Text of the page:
Manifest Destiny

What is Manifest Destiny?

The first known use of the term “Manifest Destiny” was in 1845 by newspaper editor John O’Sullivan. The term described 19th century mindset of American expansionist policy in the continent. Manifest Destiny was not a political philosophy or a government’s policy but a conviction that expanding American values and freedom would benefit those influenced by it.

O’Sullivan believed that expansion should not be based on force. Emigration of citizens would help created democratic institutions and spread American democracy. Eventually those territories would seek admission to the union. Those disapproving the concept argued that they were promoting the right to conquest and that was against the American Constitution.

This historical belief of Manifest Destiny is based on the principle that the United States is destined by God to expand through the North American continent to spread it democratic values and special virtues of the American people and its institutions. Many settlers believed that it was God’s mandate to spread Christianity. Missionaries settled in the new territories west of the Mississippi converting Native Americans into Christianity and saving their souls. Economic interests, especially the fur trade and then gold mining, motivated migration to California and the North West.

The concept of westward expansion started in 1803 with the purchase of the Louisiana Territory and the Corps of Discovery Expedition led by Lewis and Clark which established a government presence in the North West. The War of 1812 was a reaffirmation of America’s independence from Britain which gave America the confidence to expand.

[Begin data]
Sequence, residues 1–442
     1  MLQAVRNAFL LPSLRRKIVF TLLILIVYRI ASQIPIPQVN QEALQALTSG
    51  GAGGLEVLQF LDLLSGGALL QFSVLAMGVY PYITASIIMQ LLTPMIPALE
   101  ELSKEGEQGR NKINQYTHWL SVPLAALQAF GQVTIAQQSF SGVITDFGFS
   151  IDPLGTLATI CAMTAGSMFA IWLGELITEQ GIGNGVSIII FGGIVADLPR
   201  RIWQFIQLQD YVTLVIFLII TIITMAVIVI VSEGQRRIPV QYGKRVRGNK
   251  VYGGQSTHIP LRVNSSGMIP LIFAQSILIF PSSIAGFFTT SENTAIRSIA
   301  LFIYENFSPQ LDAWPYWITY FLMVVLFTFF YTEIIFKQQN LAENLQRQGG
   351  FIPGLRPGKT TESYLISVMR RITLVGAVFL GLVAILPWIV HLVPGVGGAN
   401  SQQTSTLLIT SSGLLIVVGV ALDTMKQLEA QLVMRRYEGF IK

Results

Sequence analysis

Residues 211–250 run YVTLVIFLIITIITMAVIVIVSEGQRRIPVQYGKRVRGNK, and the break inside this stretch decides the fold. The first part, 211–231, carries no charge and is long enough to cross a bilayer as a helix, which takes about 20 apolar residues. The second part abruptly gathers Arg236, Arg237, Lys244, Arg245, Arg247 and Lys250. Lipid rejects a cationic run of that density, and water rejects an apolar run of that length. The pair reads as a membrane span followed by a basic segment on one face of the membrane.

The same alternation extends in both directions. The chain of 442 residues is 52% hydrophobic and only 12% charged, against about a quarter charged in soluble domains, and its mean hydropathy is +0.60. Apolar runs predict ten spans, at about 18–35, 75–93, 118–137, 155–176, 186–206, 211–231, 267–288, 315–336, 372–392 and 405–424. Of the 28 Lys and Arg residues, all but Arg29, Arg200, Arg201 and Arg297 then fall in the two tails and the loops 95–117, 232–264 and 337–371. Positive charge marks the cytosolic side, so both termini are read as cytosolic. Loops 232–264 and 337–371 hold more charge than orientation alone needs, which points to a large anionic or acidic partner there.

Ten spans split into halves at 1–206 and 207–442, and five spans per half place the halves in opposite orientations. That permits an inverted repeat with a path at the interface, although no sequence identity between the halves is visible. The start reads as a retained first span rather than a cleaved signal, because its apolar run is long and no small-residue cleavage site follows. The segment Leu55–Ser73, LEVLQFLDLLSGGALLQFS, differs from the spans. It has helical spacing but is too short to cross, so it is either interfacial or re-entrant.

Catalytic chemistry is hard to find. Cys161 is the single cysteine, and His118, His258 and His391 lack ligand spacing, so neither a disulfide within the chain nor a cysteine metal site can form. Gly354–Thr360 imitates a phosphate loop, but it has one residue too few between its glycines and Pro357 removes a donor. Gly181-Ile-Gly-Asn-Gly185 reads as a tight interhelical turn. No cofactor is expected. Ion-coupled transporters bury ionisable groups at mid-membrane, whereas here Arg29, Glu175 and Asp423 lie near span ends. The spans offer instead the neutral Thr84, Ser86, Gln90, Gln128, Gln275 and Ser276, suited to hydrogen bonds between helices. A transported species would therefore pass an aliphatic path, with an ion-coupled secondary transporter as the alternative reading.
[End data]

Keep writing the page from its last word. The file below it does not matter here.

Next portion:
The concept of Manifest Destiny gained popularity during the Jackson Administration to promote the annexation of Texas and Western territories. The Annexation of Texas in 1845 added a new state to the Union. The following year the Mexican American war increased the US territory by more than one third. The increase of territory and new states asking for inclusion into the Union also meant the expansion of slavery. In the 1840’s clashes started to unfold between southern slaveholding states and northern free states. Southern slaveholders wanted to expand to new territories which would increase their power in Congress. Northern politicians wanted to limit slavery to current slave states without expanding it.

A previous attempt at keeping the balance between slave and free states was reached by the Missouri Compromise in 1820. Conflict was again building up with some southern states wanting to secede from the Union. All effort was invested in keeping the Union together. War was temporarily avoided by the passing of the Compromise of 1850.


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